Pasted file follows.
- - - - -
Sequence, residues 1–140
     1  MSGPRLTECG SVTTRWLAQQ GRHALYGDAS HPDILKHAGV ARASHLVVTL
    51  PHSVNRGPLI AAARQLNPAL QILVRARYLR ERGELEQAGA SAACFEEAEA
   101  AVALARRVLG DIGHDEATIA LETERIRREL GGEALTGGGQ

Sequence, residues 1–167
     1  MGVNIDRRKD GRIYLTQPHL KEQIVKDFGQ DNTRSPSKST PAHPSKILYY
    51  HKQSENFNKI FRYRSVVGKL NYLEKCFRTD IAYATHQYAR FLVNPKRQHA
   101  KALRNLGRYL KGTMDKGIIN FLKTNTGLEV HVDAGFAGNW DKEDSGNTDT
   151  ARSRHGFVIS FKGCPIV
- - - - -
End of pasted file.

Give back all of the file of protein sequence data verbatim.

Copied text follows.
Sequence, residues 1–140
     1  MSGPRLTECG SVTTRWLAQQ GRHALYGDAS HPDILKHAGV ARASHLVVTL
    51  PHSVNRGPLI AAARQLNPAL QILVRARYLR ERGELEQAGA SAACFEEAEA
   101  AVALARRVLG DIGHDEATIA LETERIRREL GGEALTGGGQ

Sequence, residues 1–167
     1  MGVNIDRRKD GRIYLTQPHL KEQIVKDFGQ DNTRSPSKST PAHPSKILYY
    51  HKQSENFNKI FRYRSVVGKL NYLEKCFRTD IAYATHQYAR FLVNPKRQHA
   101  KALRNLGRYL KGTMDKGIIN FLKTNTGLEV HVDAGFAGNW DKEDSGNTDT
   151  ARSRHGFVIS FKGCPIV